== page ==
A two-hour drive from downtown Manhattan provided an entertaining glimpse into aviation’s golden age.
As a teenager, I spent much of my free time restoring vintage airplanes in exchange for flight time at the Peach State Aerodrome in Williamson, Georgia. It was there that I discovered a certain pride for the old airplanes I helped to restore, maintain, and fly—a 1917 Curtiss JN–4 Jenny being one of them.
After the accident, my peers and I began to learn of the origins of the Jenny—how it came to be, the individuals that played a role in the restoration, and other airports around the country that were working to preserve aviation history, just as my instructor was.
One of the airports was the Old Rhinebeck Aerodrome in Red Hook, New York.
Six years, a private pilot certificate, college degree, and husband later, I finally found an excuse to visit.
My husband, a corporate pilot, had a four-day layover in Teterboro, New Jersey, scheduled over Labor Day weekend, so I decided to take a day off work and catch a Delta Air Lines flight to meet him to explore New York City and visit the old aerodrome.
After two days of exploring Manhattan, we had had enough of the hustle and bustle, and decided to hop in the car for a two-hour drive north to Old Rhinebeck.
Shortly after leaving the confines of the New York City area, we were immediately astounded by the beauty of New York state. The leaves were changing, the hills were sloping, and views of the Hudson Valley caught us by surprise.
After two hours of winding our way through several small towns, we made it to Old Rhinebeck.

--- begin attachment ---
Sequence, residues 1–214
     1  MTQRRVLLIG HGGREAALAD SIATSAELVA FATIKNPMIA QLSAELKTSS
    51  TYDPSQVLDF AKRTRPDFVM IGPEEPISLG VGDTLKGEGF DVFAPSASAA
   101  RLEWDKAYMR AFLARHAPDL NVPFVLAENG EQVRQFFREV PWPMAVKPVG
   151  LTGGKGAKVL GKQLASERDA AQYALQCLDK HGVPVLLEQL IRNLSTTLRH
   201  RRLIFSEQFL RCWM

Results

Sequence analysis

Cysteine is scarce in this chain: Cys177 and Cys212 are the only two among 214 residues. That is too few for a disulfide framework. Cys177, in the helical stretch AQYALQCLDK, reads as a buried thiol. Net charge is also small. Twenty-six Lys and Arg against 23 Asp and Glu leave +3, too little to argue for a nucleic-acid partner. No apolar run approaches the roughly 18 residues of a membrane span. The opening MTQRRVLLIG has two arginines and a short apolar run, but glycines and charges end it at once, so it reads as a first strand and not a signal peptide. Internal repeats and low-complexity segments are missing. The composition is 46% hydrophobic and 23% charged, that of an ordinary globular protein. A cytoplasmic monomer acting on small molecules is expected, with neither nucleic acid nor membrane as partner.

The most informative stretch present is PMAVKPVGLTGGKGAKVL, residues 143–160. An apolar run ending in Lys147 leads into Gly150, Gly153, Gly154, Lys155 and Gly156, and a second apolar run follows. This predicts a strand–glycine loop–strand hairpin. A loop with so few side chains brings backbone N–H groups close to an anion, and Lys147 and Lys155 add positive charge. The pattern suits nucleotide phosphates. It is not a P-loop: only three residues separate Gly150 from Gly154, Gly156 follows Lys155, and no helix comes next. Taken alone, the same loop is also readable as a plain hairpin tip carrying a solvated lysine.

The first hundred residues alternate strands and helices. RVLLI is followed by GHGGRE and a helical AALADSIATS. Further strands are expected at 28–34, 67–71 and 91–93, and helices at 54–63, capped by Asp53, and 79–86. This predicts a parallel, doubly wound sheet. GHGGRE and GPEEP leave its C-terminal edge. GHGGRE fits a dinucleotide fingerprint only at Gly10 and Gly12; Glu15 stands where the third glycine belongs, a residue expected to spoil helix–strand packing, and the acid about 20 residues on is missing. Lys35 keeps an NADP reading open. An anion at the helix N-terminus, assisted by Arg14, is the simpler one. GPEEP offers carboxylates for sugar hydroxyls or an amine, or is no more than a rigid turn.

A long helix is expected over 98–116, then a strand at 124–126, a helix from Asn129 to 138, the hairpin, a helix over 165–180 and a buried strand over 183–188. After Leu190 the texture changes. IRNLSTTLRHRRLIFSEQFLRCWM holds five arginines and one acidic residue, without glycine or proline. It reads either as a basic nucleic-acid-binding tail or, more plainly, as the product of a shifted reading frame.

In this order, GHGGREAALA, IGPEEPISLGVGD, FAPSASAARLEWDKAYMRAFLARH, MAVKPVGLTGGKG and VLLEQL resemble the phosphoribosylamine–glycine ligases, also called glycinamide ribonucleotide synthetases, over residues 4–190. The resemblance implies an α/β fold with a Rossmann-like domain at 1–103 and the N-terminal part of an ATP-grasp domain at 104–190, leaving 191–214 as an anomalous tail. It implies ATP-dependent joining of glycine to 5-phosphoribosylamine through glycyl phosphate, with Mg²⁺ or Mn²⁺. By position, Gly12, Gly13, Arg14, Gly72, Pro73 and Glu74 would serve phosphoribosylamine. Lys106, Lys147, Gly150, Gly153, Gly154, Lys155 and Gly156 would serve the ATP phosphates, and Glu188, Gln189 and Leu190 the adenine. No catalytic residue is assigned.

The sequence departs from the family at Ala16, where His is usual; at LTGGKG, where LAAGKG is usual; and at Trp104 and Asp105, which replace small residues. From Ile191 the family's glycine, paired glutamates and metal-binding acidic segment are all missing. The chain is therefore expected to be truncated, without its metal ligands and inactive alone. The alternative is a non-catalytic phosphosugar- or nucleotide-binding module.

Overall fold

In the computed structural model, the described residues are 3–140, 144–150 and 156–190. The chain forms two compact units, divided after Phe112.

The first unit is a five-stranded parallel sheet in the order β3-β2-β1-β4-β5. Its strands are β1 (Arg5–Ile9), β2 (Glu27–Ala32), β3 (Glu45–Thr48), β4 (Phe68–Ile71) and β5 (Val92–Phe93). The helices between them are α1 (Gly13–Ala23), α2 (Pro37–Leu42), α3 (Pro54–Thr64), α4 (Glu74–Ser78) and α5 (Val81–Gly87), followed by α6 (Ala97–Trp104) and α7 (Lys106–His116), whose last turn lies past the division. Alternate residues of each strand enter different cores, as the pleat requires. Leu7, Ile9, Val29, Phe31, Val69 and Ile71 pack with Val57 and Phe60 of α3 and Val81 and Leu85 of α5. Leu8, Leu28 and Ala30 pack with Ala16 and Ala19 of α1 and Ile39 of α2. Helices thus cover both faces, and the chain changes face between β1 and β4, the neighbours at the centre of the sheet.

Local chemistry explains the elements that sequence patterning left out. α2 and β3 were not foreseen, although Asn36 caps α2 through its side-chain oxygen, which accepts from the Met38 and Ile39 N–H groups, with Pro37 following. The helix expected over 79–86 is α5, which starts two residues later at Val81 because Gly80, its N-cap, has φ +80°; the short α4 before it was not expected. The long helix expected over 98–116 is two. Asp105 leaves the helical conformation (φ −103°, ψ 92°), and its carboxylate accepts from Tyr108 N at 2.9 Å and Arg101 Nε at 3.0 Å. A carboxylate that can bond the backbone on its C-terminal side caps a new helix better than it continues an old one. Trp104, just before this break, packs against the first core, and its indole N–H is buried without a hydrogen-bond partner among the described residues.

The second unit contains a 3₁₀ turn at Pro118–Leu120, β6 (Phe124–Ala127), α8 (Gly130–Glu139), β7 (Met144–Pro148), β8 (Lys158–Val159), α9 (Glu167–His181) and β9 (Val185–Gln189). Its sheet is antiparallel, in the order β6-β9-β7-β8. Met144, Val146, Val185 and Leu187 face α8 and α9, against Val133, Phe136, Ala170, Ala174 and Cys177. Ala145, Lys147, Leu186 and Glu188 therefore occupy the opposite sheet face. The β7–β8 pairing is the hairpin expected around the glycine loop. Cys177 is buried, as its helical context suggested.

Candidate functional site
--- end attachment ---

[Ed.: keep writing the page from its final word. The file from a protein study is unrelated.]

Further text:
A short walk from the parking area to the main entrance catapulted us into what felt like a step back in time. Staff were dressed in period clothing, antique airplanes sat in just-as-old or older hangars, and the sounds of a New Standard hopping rides reminded me of what I think the barnstorming days must have sounded like.
It wasn’t long after we secured our seats that the show began with the national anthem, a parade of vintage vehicles, and a Boeing Stearman and a Great Lakes taking turns cutting a roll of toilet paper in the air.
Admittedly, at this point, the show hadn’t hooked me. These acts were nothing new after spending years on a vintage-themed airport. However, only a few minutes later, I found myself on the edge of my seat, straining to see what would happen next.
Without giving too much away, the Old Rhinebeck Aerodrome’s airshow combines aviation history with hilarious, old-fashioned storytelling. Unlike the airshows of today, the show not only focused on the capabilities and history of their aircraft, but also had an incredibly unique way of making me feel like I was watching a film unfold scene by scene.
The show is an event for all ages and interest levels, regardless of one’s particular interest in aviation history or aviation in general. In today’s day and age, it was refreshing to sit back, relax, and listen to laughter flood the air in a genuine, fun-filled aviation environment.
The airshow is held each Saturday and Sunday June through October (weather permitting) and in my book is an absolute “must-see” for all aviation enthusiasts.